From this chart, it is clear that Moses was wrestling with the things God is telling him and for good reason. Moses had just made a life for himself and has a family. God is telling him to give it all up and do these new things. I have heard this type of this called “A Crises of Belief.”[iii] Moses now has a huge choice to make and he is not going to make a change without a fight. However, God counters all of the doubts that Moses has so that Moses agrees to do what God wants him to do.
As Moses takes this charge from God, he does not have success. As a matter of fact, his very first meeting with Pharaoh was a near disaster. Moses, along with Aaron meet with Pharaoh and tell him that God has sent them to tell Pharaoh to “let the Hebrews go,” to which Pharaoh responds by making their work load harder. The Hebrews then turn on Moses and Aaron because their actions have just made matters worse.
Can you imagine the frustrations of Moses. God has just spent two chapters building up his confidence just to turn around and allow him to fail in front of Pharaoh and to be discredited by the very people he wants to help. Amazingly, this will be only one of many such disappointments and failures. Each time though, God comes back to encourage Moses. In chapter six, God tells Moses to wait and see, that he will fulfill his promise and that he will be Moses’ God.
It is so easy to allow life’s small disappointments, frustrations, and failures to get in the way of us accomplishing God’s desires in the world through us. Not long ago a college student and good friend came by my office to talk about a couple of things. It was more like a casual conversation than me giving her advice. As we were talking, she mentioned to me that she was having a difficult time deciding what God wanted her to do with her life. As she continued on, she told me that she really believed God was calling her to work as a teacher in the Dominican Republic. This person has been to the Dominican Republic a couple of times and really developed a passion for the kids there. This calling made a lot of sense to me given her history there.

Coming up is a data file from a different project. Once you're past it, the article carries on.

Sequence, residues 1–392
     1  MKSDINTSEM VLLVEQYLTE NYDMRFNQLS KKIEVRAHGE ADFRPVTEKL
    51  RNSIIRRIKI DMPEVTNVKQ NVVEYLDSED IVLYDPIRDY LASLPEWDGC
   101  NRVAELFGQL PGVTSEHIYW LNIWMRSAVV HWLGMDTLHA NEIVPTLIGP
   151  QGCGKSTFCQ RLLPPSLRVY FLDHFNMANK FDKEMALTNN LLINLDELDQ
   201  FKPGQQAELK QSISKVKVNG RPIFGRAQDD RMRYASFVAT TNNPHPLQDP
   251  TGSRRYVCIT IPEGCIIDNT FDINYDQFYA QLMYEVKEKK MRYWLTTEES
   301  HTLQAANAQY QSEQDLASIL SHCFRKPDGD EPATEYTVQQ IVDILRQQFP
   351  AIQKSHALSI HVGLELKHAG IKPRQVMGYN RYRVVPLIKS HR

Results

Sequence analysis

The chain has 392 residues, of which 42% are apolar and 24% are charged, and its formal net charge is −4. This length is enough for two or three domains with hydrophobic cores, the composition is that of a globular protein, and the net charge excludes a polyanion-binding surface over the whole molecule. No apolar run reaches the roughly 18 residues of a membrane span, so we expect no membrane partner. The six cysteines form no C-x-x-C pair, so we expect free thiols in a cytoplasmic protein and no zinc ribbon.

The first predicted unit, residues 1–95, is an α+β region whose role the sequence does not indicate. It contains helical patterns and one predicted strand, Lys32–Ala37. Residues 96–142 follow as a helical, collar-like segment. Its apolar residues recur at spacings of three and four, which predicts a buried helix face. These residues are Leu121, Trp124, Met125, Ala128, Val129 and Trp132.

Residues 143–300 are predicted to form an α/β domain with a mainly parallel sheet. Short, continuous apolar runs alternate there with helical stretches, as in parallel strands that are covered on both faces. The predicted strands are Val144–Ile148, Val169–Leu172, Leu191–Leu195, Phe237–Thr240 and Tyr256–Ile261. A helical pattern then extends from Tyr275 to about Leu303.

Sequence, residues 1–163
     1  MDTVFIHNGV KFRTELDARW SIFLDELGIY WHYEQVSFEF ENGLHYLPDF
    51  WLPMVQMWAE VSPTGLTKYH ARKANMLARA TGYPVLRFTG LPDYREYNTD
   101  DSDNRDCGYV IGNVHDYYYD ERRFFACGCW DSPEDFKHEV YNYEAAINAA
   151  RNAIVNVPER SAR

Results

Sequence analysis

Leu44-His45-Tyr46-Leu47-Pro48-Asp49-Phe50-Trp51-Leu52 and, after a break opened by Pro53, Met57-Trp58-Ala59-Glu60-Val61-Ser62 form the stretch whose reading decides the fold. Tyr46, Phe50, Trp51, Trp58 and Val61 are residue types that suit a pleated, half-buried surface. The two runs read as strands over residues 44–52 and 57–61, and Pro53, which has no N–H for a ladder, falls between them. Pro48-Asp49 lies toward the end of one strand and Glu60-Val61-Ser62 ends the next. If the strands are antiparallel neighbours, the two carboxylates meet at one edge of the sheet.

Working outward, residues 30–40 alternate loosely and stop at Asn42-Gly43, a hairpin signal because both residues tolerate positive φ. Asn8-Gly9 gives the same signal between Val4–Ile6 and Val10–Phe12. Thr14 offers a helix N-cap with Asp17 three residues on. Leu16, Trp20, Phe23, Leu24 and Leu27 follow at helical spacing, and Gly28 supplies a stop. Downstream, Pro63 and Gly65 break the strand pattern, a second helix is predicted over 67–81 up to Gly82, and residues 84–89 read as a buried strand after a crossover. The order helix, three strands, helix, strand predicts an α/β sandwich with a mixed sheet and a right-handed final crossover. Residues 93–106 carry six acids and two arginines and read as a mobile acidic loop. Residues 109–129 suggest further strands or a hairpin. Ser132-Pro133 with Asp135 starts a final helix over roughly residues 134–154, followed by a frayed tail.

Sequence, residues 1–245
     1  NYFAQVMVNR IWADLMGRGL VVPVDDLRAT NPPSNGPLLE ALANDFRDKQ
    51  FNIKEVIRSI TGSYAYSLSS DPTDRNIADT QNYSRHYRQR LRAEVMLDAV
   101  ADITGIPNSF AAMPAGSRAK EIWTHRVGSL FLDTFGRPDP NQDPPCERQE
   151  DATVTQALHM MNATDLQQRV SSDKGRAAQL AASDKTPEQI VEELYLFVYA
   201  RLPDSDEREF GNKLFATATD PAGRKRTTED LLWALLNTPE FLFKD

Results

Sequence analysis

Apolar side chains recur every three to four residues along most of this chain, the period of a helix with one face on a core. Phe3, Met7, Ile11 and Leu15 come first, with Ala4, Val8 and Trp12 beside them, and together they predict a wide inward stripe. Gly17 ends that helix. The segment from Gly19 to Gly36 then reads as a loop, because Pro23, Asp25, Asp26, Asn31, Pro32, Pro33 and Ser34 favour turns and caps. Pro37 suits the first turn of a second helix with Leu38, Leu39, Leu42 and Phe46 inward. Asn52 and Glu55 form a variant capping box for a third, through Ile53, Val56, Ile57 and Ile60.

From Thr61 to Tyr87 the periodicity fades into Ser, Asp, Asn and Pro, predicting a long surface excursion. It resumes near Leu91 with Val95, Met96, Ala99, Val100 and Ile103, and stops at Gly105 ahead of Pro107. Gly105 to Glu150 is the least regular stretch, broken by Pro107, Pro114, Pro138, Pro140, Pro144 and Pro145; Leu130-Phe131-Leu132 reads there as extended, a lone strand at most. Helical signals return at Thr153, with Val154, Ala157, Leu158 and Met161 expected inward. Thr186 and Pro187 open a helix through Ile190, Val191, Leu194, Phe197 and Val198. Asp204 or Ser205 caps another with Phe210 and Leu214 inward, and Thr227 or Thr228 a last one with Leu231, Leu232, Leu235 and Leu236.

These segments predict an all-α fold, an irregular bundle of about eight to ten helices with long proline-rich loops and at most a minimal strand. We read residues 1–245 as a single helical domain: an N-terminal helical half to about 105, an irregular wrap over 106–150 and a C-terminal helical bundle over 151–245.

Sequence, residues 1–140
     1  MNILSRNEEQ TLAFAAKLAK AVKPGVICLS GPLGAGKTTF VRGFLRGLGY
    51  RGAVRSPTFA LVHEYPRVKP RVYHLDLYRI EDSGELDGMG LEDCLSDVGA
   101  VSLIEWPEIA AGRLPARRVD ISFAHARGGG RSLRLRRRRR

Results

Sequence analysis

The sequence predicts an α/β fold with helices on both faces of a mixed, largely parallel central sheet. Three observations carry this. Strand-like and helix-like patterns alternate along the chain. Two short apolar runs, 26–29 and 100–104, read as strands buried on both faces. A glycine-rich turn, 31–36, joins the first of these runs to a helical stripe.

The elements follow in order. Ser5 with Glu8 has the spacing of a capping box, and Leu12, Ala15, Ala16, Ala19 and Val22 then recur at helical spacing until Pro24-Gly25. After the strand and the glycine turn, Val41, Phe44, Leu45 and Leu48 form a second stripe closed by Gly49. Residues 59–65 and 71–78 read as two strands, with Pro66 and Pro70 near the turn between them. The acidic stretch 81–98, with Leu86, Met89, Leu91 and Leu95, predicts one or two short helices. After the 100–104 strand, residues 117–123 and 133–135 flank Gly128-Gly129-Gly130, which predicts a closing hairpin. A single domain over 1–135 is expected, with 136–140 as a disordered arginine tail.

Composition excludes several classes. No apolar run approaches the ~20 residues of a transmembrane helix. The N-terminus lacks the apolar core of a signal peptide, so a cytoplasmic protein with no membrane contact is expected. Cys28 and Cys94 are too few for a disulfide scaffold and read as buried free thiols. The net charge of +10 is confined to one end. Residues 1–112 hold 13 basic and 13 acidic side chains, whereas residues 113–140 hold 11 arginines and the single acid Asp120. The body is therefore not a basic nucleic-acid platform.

The problem she was having was that her major in college was not education. In order to be able to teach, she was going to have to make some tough decisions like changing her major or getting a second major. She may have to even get a masters degree. The problem is not that she does not want to do this work. If you know this person, she is a very hard worker. The problem she is running into is that she cannot get anyone at UTC to help her figure out what she needs to do.